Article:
The disposal wells are a particular problem as the waste fluids pumped underground seems to be causing the ground to form faults and displace the stable earth to an unstable state leading to these Earthquakes.

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Honn Kao, a research scientist with Geological Survey of Canada said of this pumping of fluid, “In theory, a bigger injection of fracking fluid can certainly trigger a bigger quake.”

At the moment there is not much concern about the Earthquakes with a magnitude of 3.0 or under it is only when it reaches 3.5 magnitude that regulators have suggested shutting down the fracking operations and re-locating to a new location. There should be some serious concern for these smaller magnitude quakes too.

A lady from Oklahoma said of the multiple Earthquakes – “I live in Medford and my husband is a handy-man and we can tell you that these little quakes do cause damage. Doorways are askew, cracks are appearing and growing, and parts of houses are sinking!” she also said “The Oklahoma Corporate Commission refuses to fine these wells that are injecting too much waste fluid too deep.”  Frustrated by the media she says that “they are not even reporting all of the quakes we’ve felt.”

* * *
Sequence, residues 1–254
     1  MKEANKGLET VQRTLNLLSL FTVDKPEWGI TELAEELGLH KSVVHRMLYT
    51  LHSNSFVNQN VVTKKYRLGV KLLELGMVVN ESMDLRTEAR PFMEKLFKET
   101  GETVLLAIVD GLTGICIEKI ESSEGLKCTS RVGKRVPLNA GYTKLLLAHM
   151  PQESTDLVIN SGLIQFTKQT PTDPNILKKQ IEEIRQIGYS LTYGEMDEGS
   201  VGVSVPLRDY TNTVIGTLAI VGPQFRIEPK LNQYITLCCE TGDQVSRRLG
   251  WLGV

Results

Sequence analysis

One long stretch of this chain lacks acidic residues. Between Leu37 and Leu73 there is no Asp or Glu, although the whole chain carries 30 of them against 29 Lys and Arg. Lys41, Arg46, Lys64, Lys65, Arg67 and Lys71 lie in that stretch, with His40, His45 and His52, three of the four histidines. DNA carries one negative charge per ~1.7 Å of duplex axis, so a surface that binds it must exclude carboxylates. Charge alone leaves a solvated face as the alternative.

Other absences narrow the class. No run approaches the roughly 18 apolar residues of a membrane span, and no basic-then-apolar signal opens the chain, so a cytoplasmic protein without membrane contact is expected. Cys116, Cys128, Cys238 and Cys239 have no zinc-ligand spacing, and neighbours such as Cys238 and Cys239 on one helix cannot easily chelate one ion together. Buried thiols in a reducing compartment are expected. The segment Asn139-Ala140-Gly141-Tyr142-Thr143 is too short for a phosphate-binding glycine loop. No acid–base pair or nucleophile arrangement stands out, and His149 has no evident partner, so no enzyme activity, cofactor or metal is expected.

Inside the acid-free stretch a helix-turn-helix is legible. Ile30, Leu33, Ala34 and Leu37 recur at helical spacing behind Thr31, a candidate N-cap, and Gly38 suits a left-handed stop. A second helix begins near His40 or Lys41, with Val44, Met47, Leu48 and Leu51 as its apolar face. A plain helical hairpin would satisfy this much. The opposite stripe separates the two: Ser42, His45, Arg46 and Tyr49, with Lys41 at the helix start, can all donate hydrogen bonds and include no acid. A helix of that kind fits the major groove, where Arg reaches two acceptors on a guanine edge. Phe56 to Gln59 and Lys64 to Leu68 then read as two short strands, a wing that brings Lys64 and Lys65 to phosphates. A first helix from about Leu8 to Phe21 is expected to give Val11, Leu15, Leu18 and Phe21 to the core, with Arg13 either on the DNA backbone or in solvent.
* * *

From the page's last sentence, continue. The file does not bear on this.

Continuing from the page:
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In the UK test drilling for Shale gas, twice caused magnitude 2.0 earthquakes, and this in the testing stage in Lancashire, after two earthquakes of 1.5 and 2.2 magnitude hit the area a subsequent study found it was “highly probable” that shale gas test drilling triggered the tremors.

The UK government-appointed panel said there could be more tremors as a result of fracking, but they will be too small to do structural damage above ground. This is what was said in Oklahoma and they are reporting currently Earthquakes at 4.3 magnitude.

Does the UK not need to take all this into consideration rather than speeding up the process as they are currently doing. In most recent Earthquake News Ohio has been linked to Fracking where a new study links nearly 80 earthquakes ranging between 1.0 magnitude to 3.0 magnitude that occurred in Ohio’s Mahoning County in March 2014 to nearby fracking operations.

shale diagram